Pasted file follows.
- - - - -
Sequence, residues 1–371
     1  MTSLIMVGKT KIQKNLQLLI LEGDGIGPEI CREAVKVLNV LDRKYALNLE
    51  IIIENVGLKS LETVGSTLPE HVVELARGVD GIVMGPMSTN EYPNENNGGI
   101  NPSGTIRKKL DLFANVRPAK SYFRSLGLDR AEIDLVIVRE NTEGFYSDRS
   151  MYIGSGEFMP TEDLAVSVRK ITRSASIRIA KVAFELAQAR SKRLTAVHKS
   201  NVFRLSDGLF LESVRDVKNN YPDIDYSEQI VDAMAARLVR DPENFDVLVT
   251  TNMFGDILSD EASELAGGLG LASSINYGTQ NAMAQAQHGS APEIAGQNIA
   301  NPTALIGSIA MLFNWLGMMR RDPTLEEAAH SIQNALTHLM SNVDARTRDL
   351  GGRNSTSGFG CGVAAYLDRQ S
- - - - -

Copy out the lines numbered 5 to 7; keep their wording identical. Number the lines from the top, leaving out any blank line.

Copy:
   151  MYIGSGEFMP TEDLAVSVRK ITRSASIRIA KVAFELAQAR SKRLTAVHKS
   201  NVFRLSDGLF LESVRDVKNN YPDIDYSEQI VDAMAARLVR DPENFDVLVT
   251  TNMFGDILSD EASELAGGLG LASSINYGTQ NAMAQAQHGS APEIAGQNIA